47. What happens if a Fire Victim submitted a Proof of Claim on or before 12/31/19 but died before submitting a Claims Questionnaire?

If a Fire Victim executed a Proof of Claim in the Bankruptcy Cases on or before 12/31/19 and subsequently died, the Trust will consider his or her claims preserved and, if properly submitted by the deceased Fire Victim’s estate or survivors, will evaluate the claims for potential eligibility. Similarly, if a Fire Victim filed a lawsuit against PG&E and died while the lawsuit still was pending and the estate or survivors submitted a Proof of Claim in the Bankruptcy Cases on or before 12/31/19, the Trust will consider the Fire Victim’s claims preserved and, if properly submitted by the deceased Fire Victim’s estate or survivors, will evaluate the claims for potential eligibility. You do not need to amend the Proof of Claim to substitute a Claimant’s estate or survivors to ensure eligibility for these claims. Instead, if you have not already identified a Representative Claimant for the decedent, you may add a Representative Claimant in the Edit Claimant Details section on your Portal.


48. Who may sign the Claims Questionnaire on behalf of a business with multiple owners?

A single owner or other duly authorized agent may sign the Claims Questionnaire on behalf of a business. The Signature section of the Claims Questionnaire contains language by which the signer declares under penalty of perjury that he/she is authorized to sign on behalf of the business.


49. Can I amend a Claims Questionnaire or continue to upload documents to support my claim(s) after I have submitted a final claims package?

Yes, you can amend a Claims Questionnaire and continue to upload supporting documents after submitting a claims package. The Claims Processor will lock a submitted Claims Questionnaire on the Portal once a claim proceeds to the review phase. If you would like to amend existing data or claims information that appears on a Claims Questionnaire, you can upload correspondence to the Portal reflecting your edits. If you would like to assert a new claim that does not already appear on a previously submitted Claims Questionnaire, you can complete a new Claims Questionnaire for that claim on the Portal. You will have the ability to upload documents throughout the course of the administration of the Trust.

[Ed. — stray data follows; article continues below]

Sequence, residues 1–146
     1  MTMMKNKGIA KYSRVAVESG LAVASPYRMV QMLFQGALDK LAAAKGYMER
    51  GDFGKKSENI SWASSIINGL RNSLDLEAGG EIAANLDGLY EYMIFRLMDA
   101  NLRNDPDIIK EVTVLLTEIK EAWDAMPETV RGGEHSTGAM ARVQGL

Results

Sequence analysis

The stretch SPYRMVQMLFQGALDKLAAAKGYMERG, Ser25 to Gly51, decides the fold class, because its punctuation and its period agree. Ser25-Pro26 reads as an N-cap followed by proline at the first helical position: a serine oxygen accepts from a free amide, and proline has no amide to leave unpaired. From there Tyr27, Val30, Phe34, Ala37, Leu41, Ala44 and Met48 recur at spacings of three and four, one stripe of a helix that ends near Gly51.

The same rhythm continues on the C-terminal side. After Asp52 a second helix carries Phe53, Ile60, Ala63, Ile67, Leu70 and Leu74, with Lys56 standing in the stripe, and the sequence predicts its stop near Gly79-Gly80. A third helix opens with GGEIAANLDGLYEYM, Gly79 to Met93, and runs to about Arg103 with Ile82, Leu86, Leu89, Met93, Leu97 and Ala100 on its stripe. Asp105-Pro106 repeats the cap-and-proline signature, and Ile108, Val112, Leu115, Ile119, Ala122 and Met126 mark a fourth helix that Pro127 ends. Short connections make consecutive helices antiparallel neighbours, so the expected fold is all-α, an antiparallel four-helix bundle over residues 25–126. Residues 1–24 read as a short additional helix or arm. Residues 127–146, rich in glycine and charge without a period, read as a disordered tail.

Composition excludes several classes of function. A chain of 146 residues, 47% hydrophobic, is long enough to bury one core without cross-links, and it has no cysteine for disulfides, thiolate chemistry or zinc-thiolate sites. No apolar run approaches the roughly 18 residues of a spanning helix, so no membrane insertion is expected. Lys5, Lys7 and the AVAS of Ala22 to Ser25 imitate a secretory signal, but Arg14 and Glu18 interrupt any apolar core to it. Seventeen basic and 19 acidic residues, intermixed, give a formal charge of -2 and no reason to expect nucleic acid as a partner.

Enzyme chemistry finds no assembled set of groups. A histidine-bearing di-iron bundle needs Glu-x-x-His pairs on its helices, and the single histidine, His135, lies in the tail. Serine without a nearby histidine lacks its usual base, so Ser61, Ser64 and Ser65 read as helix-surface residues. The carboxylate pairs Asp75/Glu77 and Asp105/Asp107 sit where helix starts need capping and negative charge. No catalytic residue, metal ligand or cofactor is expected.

50. Will the Trust review all claims data and supporting documents from Claimants?

The Trust will evaluate all Claims Questionnaires, any supporting documents that Claimants upload, and publicly available data to make award determinations.


51. How will the Trust treat claims data that is not easily verifiable?

The Trust will review supporting documents and request additional information if necessary. Also, each Claimant must sign the Claims Questionnaire under the penalty of perjury.


52. How will the Trust process documentary support or Claimant-generated valuations where a modeled claim valuation already exists?

The Trust will consider Claimant-submitted valuations. All award determinations will be based on supporting records and publicly available data.


53. What is an audit?

Under Section X of the Claims Resolution Procedures, the Trust audits claims to detect and prevent fraud. The Trust may randomly or selectively identify claims for audit to verify supporting documentation submitted (including death certificates, medical and other records) and request that a Claimant provide additional records or information. The Trust may deny a claim if it determines that the claim is fraudulent or a Claimant refuses or fails to respond to requests for records or information.


54. How will the Trust determine that a claim is fraudulent?

The Trust may determine that a claim is fraudulent if there exists any evidence of the misrepresentation, omission, or concealment of a fact material to the evaluation of the claim. A fact is material if it did affect or has the potential to affect whether the Claimant qualifies for any compensation under the Trust Agreement and Claims Resolution Procedures.


55. Why did I receive a Notice of Audit of Claim?

Your claim is in audit under Section X of the Claims Resolution Procedures. The Notice of Audit of Claim may list records or information you need to provide to complete the audit. Submit the records or information requested by the deadline at the top of the notice.